Those little holes stamped in that 3/16" thick plate aren't going to hold anything. On the other end, if your chain is bolted through to the trailer's tongue, most likely it will tear out from there as well. My chain goes under the hitch and loops around the main center beam of the trailer. It's linked with a hardened d-ring. It goes around the main draw tube on the hitch and is terminated with proof-rated grab hooks.
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Old 10-16-2007, 08:45 PM
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Quote:
Originally Posted by Chris Sunkin View Post
I should preface this that my boat on the trailer weighs about 14K# so what I'm doing could be scaled down for a smaller boat.

If the chain on your trailer is silver plated and unmarked, it's grade 30. If DOT wants 70 just to hold loads down (static), I'd want that or something even tougher to endure the shock loads of a runaway trailer. Gr 43 is usually black and Gr. 70 is usually iridited (gold-colored). Above that, there's typically a certification tag attached and in 70 and up, the links will be marked. I wouldn't trust any chain that I didn't know for sure had the proper load rating.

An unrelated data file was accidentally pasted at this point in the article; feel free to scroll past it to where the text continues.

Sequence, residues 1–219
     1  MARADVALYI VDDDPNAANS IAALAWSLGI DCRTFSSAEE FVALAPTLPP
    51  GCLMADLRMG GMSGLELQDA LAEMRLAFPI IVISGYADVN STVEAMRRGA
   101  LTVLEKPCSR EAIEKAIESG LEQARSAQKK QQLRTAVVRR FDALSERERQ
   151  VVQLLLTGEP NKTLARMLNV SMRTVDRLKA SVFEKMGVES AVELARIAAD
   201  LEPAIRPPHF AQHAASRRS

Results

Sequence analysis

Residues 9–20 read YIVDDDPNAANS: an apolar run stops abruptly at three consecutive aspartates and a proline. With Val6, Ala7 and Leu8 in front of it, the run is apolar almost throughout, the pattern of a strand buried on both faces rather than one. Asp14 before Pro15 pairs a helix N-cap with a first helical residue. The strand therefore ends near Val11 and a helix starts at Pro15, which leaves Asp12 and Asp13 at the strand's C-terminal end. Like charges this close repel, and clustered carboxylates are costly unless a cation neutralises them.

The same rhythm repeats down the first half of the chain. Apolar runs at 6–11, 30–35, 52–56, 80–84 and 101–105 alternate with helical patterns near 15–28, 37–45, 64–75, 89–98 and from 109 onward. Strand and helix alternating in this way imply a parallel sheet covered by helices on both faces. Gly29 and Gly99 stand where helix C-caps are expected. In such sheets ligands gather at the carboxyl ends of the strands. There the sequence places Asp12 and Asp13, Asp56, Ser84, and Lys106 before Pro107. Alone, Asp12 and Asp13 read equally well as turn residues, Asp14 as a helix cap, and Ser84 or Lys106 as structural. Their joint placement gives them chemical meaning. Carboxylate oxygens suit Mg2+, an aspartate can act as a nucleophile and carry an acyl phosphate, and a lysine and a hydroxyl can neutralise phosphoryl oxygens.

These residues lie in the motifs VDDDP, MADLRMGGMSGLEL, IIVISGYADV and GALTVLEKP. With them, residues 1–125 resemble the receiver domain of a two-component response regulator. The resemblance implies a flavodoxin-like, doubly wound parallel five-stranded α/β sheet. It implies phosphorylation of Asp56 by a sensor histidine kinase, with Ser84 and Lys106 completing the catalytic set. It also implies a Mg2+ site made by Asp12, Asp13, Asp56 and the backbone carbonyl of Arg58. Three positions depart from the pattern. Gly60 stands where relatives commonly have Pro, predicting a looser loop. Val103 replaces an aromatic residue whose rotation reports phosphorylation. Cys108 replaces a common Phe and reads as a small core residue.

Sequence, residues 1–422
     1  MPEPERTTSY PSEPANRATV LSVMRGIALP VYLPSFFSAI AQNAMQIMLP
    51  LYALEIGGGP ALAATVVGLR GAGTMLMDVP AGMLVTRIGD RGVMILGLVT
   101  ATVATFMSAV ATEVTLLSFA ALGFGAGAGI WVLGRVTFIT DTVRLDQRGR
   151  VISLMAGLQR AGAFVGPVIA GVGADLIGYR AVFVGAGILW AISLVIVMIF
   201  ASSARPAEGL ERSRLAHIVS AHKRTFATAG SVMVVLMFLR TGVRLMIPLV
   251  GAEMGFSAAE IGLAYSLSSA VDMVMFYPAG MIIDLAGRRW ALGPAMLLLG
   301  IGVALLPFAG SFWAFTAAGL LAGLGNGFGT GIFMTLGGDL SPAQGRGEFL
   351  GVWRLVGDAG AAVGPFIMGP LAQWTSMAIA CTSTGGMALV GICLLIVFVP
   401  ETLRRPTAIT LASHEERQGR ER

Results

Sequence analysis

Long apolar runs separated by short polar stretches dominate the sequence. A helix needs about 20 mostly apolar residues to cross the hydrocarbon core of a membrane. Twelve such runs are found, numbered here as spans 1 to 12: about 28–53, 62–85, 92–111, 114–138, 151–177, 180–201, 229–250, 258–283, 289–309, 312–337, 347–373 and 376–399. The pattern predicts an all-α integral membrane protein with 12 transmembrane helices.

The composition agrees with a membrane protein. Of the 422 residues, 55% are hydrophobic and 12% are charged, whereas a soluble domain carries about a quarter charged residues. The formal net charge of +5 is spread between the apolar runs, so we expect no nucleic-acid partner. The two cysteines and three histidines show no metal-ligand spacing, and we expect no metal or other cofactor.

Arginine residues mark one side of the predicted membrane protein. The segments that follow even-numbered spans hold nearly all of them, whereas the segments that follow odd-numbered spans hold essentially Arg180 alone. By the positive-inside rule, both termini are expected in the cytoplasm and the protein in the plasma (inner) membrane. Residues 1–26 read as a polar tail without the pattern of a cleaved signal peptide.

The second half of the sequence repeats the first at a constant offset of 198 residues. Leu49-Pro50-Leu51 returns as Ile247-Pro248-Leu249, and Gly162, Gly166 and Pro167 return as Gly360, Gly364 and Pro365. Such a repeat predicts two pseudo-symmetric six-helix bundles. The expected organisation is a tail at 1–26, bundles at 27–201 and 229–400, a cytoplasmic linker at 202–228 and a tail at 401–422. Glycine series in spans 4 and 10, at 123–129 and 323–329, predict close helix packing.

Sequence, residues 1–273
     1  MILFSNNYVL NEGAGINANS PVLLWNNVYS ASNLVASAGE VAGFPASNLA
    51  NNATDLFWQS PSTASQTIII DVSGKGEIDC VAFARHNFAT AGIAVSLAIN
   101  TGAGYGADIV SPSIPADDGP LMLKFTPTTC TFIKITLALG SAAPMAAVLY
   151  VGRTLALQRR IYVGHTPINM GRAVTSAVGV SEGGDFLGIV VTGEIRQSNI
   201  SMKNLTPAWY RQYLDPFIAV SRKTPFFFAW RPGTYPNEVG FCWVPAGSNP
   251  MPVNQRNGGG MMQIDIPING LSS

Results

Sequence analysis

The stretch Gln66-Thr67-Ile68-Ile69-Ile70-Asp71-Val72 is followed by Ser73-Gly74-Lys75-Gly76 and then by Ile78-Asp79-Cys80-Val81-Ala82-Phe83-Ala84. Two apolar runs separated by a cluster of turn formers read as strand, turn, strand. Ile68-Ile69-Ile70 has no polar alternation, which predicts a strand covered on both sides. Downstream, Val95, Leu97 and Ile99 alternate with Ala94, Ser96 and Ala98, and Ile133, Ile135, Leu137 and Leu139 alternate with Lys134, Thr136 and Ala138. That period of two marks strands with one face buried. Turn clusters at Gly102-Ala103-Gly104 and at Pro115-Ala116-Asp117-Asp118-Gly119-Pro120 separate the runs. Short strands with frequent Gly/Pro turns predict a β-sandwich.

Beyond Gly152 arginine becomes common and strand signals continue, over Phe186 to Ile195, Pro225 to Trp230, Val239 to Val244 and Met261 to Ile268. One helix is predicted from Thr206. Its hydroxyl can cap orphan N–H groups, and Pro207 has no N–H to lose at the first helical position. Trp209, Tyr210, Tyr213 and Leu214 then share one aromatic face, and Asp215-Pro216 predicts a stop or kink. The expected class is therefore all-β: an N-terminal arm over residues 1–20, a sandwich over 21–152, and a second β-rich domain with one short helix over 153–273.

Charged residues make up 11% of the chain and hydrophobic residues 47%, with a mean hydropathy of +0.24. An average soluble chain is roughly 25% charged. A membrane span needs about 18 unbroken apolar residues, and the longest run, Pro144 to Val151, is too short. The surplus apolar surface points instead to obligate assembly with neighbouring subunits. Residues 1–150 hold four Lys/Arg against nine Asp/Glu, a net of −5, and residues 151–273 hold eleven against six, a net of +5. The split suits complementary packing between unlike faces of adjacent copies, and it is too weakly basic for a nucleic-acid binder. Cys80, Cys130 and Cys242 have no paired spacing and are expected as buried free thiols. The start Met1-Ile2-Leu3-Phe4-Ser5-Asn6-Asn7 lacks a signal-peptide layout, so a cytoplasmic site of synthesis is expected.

Those little holes stamped in that 3/16" thick plate aren't going to hold anything. On the other end, if your chain is bolted through to the trailer's tongue, most likely it will tear out from there as well. My chain goes under the hitch and loops around the main center beam of the trailer. It's linked with a hardened d-ring. It goes around the main draw tube on the hitch and is terminated with proof-rated grab hooks.
Can you send a picture?
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Old 10-16-2007, 10:11 PM
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I installed the reese "beast" on my HD2500, just pulled a 312 from Fl. to Calif. and the freeways in Miss and LA. are horrable,my teeth came loose and even broke a transon strap in two, however my rig came through with flying colors.